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ITE Transport and Logistics

Russian container trade picks up

Despite ongoing economic sanctions lowering imports, Russia’s Baltic ports saw a pickup of container activity in 2016.

50% of Russia’s container trade came through its Baltic ports in 2016; the equivalent of 2 million TEUs. This was a 1.7% year-on-year rise compared with 2015 as Russia begins to recover from the drop in oil prices that damaged the nation’s economy. Additionally, in the light of ongoing sanctions, it suggests Russia’s ports are not closed to international trade.

Let’s look at an individual example. The Big Port of St. Petersburg, Russia’s biggest Baltic facility by some margin, enjoyed a 1.8% rise in traffic across the last 12 months, handling 1.8 million TEUs. Imports grew 4.4%, signalling recovery at this most vital of ports.

Russian port operators should certainly be rejoicing at this news. It represents a massive contrast with the 30% decline in Baltic traffic seen in 2015. Terminal utilisation at the region stands at around 40% - meaning ample room to handle increased traffic.

Container volumes in Russia’s most vital port region are set to see a 15% increase across 2017. Not only that, but these ports could snap up more of the Baltic’s container trade in the near future. At present, Russia holds a 20% market share of Baltic port traffic, with estimates suggesting this could rise to more than a third in coming years.

All of the above increases in activity are good news for Russia’s transport and logistics sector. What’s more, January 2017 brought 5% more year-on-year traffic – impressive during a month where 11 working days are lost due to holidays. Such rises bodes well for a busier 12 months.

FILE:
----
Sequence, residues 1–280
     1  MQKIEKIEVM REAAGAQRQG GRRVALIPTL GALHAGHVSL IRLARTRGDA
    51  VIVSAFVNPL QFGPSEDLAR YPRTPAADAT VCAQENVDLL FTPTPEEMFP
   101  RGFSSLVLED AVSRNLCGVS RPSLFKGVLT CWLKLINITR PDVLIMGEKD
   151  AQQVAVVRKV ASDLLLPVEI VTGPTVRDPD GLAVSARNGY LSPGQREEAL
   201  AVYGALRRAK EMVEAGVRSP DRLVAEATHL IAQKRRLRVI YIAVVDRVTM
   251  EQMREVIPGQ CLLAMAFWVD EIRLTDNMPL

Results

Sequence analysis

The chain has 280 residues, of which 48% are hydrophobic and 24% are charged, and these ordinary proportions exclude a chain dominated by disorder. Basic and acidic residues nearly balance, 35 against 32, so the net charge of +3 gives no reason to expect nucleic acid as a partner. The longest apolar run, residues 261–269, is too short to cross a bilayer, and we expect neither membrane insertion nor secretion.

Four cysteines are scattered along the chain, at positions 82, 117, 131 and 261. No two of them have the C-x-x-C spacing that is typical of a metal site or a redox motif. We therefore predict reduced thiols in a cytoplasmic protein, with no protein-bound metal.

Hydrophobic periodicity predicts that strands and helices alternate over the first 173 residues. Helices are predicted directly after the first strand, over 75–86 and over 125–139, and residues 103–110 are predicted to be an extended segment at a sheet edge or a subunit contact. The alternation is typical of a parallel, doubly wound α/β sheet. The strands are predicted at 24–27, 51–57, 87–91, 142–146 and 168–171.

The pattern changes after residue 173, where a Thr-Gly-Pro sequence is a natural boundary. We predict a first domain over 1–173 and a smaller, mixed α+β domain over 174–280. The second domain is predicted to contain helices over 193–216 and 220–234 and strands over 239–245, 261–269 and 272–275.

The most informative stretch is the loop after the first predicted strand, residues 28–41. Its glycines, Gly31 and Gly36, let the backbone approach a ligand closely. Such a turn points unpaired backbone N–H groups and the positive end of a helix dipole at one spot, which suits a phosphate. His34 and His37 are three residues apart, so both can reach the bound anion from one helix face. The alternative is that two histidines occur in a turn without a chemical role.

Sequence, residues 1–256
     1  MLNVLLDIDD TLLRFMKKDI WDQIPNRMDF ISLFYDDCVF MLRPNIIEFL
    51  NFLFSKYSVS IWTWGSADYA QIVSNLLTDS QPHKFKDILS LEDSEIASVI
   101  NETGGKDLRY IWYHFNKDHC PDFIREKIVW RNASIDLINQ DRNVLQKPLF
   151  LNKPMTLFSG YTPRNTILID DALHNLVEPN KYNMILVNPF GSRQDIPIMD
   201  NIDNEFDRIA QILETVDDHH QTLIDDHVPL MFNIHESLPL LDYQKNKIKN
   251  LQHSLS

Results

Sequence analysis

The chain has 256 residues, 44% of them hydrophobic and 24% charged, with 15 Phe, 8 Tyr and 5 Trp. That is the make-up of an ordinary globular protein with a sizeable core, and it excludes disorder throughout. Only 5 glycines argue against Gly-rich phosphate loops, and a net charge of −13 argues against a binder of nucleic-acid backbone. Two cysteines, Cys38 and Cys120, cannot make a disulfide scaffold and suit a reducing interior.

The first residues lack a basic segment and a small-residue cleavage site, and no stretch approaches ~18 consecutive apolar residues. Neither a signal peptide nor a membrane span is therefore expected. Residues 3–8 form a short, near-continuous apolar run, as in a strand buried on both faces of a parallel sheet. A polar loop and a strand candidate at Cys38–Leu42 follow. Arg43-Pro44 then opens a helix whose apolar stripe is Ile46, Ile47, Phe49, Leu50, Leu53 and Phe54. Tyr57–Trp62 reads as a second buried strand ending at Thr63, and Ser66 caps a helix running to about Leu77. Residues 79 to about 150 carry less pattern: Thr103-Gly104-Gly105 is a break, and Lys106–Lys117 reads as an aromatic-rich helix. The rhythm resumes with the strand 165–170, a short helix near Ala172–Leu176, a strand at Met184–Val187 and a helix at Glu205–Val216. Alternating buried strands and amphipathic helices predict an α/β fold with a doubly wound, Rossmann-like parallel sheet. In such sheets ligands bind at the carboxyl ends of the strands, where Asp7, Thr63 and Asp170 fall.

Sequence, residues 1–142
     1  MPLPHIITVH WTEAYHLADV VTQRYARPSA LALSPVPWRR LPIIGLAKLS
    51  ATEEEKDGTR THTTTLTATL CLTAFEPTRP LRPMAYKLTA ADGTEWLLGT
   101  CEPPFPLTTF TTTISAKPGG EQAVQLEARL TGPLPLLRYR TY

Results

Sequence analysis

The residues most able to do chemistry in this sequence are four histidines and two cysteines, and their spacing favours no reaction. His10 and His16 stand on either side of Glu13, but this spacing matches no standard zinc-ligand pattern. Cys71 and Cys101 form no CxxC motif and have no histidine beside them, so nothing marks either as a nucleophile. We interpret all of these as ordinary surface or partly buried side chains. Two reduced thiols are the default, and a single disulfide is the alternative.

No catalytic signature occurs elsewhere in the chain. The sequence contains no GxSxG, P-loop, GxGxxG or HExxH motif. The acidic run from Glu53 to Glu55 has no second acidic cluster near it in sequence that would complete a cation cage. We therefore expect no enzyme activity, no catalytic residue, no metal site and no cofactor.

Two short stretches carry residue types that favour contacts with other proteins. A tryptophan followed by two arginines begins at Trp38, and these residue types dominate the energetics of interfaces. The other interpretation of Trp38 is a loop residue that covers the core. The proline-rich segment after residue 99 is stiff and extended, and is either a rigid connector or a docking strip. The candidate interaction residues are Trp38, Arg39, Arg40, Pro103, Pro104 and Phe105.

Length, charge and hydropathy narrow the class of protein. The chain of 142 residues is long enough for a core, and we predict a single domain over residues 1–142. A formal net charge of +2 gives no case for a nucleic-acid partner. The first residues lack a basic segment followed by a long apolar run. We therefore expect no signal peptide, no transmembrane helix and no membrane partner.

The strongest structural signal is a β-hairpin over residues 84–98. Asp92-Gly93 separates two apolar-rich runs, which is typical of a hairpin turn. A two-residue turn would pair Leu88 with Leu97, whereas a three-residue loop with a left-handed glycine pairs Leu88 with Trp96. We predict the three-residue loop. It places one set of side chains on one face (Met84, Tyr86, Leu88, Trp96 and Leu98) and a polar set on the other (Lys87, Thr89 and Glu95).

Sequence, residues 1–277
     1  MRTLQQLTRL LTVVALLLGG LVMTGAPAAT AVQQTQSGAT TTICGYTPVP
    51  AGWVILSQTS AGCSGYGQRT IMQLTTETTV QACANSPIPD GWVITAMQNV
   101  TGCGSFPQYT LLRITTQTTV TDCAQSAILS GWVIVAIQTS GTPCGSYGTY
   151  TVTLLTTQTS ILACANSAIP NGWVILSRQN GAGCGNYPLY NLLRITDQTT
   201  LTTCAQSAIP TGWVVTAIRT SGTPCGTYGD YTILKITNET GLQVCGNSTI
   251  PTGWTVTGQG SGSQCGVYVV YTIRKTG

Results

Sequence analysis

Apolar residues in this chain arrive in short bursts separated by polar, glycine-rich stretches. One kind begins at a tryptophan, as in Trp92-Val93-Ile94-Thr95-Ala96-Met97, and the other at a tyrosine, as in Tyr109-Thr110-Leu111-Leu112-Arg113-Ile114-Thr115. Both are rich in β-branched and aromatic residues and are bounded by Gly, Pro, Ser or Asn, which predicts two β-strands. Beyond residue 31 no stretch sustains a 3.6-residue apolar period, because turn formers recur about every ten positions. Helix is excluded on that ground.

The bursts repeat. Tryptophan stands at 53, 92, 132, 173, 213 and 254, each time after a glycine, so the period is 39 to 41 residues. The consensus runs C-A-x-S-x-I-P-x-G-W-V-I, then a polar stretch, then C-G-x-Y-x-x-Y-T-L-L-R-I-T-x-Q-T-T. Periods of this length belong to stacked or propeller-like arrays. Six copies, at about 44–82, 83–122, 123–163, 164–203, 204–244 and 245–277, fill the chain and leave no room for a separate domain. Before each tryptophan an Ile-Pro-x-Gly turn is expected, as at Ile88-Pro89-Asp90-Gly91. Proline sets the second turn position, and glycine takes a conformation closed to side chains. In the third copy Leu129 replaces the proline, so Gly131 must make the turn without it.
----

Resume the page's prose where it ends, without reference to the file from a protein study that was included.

However, much of Russia’s container traffic stems from consumer goods. Demand for such products is low, thanks to the ongoing difficult economic situation. Shippers are hoping for a shift in Washington’s attitude towards Russia with the election of Donald Trump.

Trump’s government has been hinting at the possibility of easing, or removing, sanctions placed on Russia over two years ago. Shippers across Russia are hoping that the lifting of such sanctions will stimulate demand, resulting in further growth of container shipments.

The Trump presidency has so far been a whirlwind of controversial decisions. Shippers may have to wait and see what the future holds, regarding sanctions. Still, 2016’s container volume growth at the Baltic Sea ports, and this trend continuing through January 2017, means optimism is returning to the Russian sea freight industry.

Source: JOC.com


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